How To Avoid Kidmin Tunnel Vision

In my previous post, I shared the dangers of Kidmin Tunnel Vision.  This is when you get so laser focused on Kids Ministry that you fail to keep the BIG picture of the WHOLE church in mind.  Today, I want to share how you can avoid falling into this trap!

It’s not enough to sit back and expect your pastor or other staff members to make sure you’re vitally connected with the entire scope of the church’s life.  That’s your responsibility.  Here are some steps you can take to Avoid Kidmin Tunnel Vision:

1)  Read every available piece of information. – Make it a weekly practice to read the bulletin, newsletters, articles on the website, and anything else that tells what the church is doing.

2)  Ask questions. – If you’re unsure about an upcoming event, a strategy, or any other plan, take the initiative to get an answer to your questions.

3)  Watch or listen to the Sunday morning service. – Most churches record the pastor’s sermon each week. If you can’t attend the service (and most of the time you can’t), make it a priority to listen to the message sometime during the week.  It will keep you connected to the pastor and to the heartbeat of the church.

4)  Pay attention in staff meetings. – Shut down Twitter, Facebook, and your web browser.  You are getting the info you need if you will just LISTEN and document it.

5)  Regularly pray for your pastor and other department leaders. – This choice has made a huge difference in my perspective, my attitude, and my relationships with each person on the team.  They’ve told me the greatest challenges they face in their ministries, and I found out their joys and struggles in their families.  My commitment to pray for them has kept me connected and prevented me from becoming focused only on Kids Ministry.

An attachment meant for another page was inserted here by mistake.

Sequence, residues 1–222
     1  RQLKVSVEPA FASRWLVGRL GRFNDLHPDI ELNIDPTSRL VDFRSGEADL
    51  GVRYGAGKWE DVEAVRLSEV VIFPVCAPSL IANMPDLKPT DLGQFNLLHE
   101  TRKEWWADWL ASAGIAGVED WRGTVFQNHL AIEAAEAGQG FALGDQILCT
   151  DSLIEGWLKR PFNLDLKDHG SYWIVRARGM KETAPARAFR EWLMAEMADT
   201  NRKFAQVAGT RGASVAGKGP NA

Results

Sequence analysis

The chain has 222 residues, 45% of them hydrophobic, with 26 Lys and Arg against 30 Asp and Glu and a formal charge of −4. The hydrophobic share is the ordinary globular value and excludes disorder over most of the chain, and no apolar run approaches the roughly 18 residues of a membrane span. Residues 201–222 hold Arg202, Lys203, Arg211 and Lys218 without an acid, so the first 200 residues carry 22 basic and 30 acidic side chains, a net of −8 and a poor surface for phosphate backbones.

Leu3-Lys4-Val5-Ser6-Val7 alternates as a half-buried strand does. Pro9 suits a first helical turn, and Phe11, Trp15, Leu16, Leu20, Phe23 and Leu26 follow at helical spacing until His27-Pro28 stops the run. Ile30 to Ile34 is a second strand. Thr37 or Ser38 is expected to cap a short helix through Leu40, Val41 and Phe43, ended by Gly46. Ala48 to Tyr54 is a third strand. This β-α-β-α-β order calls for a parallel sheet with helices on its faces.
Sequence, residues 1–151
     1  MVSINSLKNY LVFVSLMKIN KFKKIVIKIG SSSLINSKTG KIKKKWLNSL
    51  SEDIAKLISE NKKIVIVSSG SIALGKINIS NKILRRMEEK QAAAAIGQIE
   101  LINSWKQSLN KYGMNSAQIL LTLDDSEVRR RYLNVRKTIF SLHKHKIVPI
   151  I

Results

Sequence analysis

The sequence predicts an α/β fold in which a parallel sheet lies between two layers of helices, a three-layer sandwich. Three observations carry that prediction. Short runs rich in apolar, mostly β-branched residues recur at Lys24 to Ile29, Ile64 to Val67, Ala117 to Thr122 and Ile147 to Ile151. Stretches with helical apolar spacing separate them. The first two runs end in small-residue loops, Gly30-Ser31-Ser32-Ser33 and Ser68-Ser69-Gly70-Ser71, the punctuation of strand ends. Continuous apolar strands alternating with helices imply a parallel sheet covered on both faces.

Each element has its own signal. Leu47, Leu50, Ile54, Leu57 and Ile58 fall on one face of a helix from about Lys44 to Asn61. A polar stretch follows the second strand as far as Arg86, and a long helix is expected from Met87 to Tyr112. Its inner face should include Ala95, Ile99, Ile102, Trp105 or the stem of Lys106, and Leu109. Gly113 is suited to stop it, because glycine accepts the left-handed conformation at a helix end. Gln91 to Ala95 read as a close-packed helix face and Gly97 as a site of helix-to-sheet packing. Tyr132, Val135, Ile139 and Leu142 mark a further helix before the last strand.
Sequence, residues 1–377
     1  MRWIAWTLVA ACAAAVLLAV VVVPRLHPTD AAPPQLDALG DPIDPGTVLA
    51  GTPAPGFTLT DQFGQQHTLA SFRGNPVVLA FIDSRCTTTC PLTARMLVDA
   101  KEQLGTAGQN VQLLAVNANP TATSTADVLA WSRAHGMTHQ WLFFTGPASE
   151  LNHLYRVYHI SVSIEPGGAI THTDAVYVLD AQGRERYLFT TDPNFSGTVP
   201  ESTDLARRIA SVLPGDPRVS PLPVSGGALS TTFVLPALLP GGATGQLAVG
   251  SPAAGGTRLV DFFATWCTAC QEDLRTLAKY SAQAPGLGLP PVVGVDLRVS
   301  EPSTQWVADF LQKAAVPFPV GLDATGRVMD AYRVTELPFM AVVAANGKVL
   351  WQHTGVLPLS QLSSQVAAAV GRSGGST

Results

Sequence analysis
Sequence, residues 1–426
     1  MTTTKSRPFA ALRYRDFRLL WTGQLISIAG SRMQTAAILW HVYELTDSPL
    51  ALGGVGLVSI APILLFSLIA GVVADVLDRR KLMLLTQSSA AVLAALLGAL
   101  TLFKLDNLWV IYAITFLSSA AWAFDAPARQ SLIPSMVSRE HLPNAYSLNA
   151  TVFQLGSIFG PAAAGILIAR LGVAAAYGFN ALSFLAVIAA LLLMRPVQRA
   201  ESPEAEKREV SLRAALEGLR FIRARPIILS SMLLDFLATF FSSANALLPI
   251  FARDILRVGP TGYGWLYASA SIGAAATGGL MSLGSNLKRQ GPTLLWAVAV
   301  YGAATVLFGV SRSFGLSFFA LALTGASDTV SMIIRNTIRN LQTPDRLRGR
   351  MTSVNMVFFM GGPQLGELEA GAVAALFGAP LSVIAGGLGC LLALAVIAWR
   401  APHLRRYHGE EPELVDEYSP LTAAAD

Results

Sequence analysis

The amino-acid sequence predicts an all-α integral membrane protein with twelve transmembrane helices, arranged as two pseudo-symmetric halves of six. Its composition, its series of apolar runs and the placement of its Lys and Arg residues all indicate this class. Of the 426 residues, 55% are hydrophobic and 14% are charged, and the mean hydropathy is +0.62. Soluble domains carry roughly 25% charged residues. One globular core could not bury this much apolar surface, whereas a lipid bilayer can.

So, don’t hesitate.  Choose NOW to start these five habits.  They will keep you from falling into the trap of Kidmin Tunnel Vision, and you will stay vitally connected to your pastor and entire team.

4 thoughts on “How To Avoid Kidmin Tunnel Vision

  1. Wow! What a great article Pastor Brian! I read part 1 as well and it was very good! I have been in Children’s Ministry for 10 months now and I have had so many questions and ideas about this. You have confirmed a lot of my thoughts and have also stirred up new ones! I especially loved the point you made about staying connected with the church. It is so easy to get caught up in what I’m doing that I loose sight of this. I think some of that comes from me being a perfectionist haha. And even the point you made about taking the time to pray for your fellow peers (leaders) and senior pastor. That point has really helped me change my perspective, because if he is not healthy spiritually, mentally, emotionally, that the body will not be. Thank you so much for your wisdom! I enjoyed reading this post!

  2. I agree with everything you said above, but what if these issues are not discussed in “staff meeting”? Our Senior Pastor is not good about communicating what else is going on, even if it affects your area. I ask questions, but a lot of things tend to slip through the cracks. What can I do to help with communication?

    • That’s a tough one, Lisa. Asking questions and digging for answers is just about the only way you are able to make sure you are connected. If your pastor is not one who willingly gives information, then all you can do is your best. Sounds like your church could really use an Executive Pastor or Associate Pastor who has administrative gifts to come alongside your pastor and help him in the area of communicating to the rest of the team. I know this can be frustrating. Hang in there!

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